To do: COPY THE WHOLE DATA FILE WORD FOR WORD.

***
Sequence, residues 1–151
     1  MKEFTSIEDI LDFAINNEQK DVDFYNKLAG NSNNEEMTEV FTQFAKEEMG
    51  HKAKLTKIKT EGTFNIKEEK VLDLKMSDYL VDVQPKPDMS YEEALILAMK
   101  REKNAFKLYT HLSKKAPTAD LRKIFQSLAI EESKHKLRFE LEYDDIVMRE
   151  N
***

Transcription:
Sequence, residues 1–151
     1  MKEFTSIEDI LDFAINNEQK DVDFYNKLAG NSNNEEMTEV FTQFAKEEMG
    51  HKAKLTKIKT EGTFNIKEEK VLDLKMSDYL VDVQPKPDMS YEEALILAMK
   101  REKNAFKLYT HLSKKAPTAD LRKIFQSLAI EESKHKLRFE LEYDDIVMRE
   151  N